Following World Bee Day, columnist Peter Gudde explains why we nee to look after these special friends
It was World Bee Day last week. Although, every day should be about celebrating and supporting our pollinators. Without these insects there is in all reality no Plan Bee (sorry!) since we rely on them not only throughout our food chain but probably nearly all areas of our life in some way.
Bees feature in folklore across cultures and time. Many cultures and societies have both revered and feared bees. Telling the bees is a tradition across some societies, where they are treated as part of the family. Imparting news of a death or a major event in the family to each of the hives is said to stop them leaving and it is thought to be extremely bad luck not to share the news with your bees. There are stories of bee hive colonies not thriving if someone had paid for the swarm. Some say that bees leave a family hive if the family argue too much – well, we would never have bees coming to our house, then.
The Ancient Greeks and Romans considered bees to be servants and messengers of the gods. The Roman god Jupiter is said to have given bees their sting but was told by his wife, Juno, to make bees pay for this weapon by having to die if it is used.
Bees can be found on every continent except Antarctica. They can read the Earth’s magnetic field and use it to navigate. Bees can carry more than their own body weight when in flight. They have also been shown to be able to count to four!
It’s weird but if you watch a single bee in a swarm, they appear to move randomly but as a whole population they can act as one, moving to a new location to set up home. Each bee has a role, whether that is scouting or finding food, guarding the hive, using their wings to keep the hive cool or serving the queen and her offspring.
When bees find a new food source, they tell others in the colony how to find it by moving in a strict pattern like a dance. If the food source is good, they dance more so the message is better communicated. When I dance most people turn away and laugh. Bees even have the edge on Dad dancing.
Around one third of our global food supply is dependent on the humble bumble and its invertebrate cousins. They pollinate around seventy different crops including fruit, vegetables and cereals like wheat and barley which go into bread, beer and animal feed. It is estimated that bees contribute £400 million to the UK economy, that’s around six pounds per person each year.
So, what can we do to help these industrious workers continue to do their job? First, stop using synthetic pesticides in the garden. Their indiscriminate and widespread use in agriculture and at home, alongside loss of habitat, have contributed to the decline in the bee population in the UK. Using alternatives to harmful pesticides in the garden will help.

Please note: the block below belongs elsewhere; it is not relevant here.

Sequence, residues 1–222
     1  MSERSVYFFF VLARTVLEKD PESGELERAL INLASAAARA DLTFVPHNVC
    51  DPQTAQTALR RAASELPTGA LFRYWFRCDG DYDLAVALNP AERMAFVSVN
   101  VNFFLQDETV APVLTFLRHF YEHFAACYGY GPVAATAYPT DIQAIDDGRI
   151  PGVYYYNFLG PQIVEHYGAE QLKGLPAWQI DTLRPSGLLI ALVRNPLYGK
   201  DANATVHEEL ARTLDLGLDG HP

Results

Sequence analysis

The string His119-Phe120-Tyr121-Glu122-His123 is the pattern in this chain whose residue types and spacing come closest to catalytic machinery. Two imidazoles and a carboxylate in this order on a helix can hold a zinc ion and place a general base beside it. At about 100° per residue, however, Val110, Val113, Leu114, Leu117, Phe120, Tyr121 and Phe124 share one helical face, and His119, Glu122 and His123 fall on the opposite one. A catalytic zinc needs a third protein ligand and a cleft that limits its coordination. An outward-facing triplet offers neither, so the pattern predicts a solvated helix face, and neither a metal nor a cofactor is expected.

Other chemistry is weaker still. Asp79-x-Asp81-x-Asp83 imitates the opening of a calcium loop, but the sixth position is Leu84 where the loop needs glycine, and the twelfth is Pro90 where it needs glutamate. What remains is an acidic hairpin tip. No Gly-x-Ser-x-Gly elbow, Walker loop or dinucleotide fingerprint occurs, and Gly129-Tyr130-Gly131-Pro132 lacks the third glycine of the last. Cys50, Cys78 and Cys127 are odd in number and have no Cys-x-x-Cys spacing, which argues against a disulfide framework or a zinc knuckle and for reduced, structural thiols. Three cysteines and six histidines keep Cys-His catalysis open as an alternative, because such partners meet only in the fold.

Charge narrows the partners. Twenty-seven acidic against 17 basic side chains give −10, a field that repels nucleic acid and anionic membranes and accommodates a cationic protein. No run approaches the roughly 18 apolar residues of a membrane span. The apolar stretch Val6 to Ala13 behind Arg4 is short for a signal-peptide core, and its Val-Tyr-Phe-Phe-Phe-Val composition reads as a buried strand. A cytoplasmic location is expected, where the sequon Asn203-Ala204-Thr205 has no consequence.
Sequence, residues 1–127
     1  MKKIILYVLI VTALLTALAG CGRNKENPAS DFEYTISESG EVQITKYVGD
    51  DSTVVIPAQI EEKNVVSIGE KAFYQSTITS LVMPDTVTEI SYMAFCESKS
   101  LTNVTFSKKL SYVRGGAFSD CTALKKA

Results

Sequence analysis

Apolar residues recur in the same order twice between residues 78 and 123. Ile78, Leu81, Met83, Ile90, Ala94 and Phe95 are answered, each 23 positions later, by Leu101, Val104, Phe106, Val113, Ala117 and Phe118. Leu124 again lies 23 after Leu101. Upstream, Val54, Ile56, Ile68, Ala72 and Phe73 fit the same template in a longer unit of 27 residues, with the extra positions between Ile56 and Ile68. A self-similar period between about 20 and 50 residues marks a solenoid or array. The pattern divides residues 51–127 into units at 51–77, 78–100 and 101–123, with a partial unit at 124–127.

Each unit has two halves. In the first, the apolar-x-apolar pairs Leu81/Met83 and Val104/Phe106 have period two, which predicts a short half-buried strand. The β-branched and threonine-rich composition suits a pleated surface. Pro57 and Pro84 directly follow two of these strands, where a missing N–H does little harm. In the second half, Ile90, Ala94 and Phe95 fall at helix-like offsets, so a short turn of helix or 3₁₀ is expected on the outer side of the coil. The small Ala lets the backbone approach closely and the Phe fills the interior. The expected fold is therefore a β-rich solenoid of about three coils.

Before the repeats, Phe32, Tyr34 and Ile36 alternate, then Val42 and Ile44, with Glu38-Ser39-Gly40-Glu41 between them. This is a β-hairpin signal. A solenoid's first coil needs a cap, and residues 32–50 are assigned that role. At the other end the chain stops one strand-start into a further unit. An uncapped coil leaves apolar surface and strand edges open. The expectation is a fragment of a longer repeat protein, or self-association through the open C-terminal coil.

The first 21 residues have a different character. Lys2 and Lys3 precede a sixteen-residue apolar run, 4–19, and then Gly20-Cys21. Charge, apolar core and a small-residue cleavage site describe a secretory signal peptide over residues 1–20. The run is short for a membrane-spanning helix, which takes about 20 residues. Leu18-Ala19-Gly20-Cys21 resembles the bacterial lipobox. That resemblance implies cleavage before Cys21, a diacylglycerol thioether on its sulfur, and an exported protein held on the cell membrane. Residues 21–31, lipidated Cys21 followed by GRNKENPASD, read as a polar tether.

Leaving a bit of the garden alone for wild flowers can help not only bees but other insects. Better still, create a pollinator garden with plants and flowers that give insects, like bees, nectar and pollen stations. Try and choose flowering plants that are native. Choose varieties for their insect pulling-power throughout the year, with succession flowering so there is always food available.
Installing a bee hotel can be another way to support pollinating insects, giving them a place to lay eggs which are protected over the winter months. These are made up of a bundle of tubes, usually bamboo cane around six inches, or 15cm, long and of varying size openings so different bee species can then find accommodation to suit them. Ideally, set up several hotels and spread them around your garden rather than have one massive Hilton or Ritz. This reduces the risk of predators enjoying a sit-down meal on the residents. Place them in full sun while the bees are around then in the winter put the hotels into a cool sheltered spot. Take them outside again when the weather starts to warm up so the bees can come out. Every year, give the hotel a spring clean or replace the canes to prevent pests and diseases which can harm future residents.
Finally, sit down for five minutes and watch the bees. You could even tell them the good news that you, for one, are watching out for them.
-- Peter Gudde is an energy adviser and environmental researcher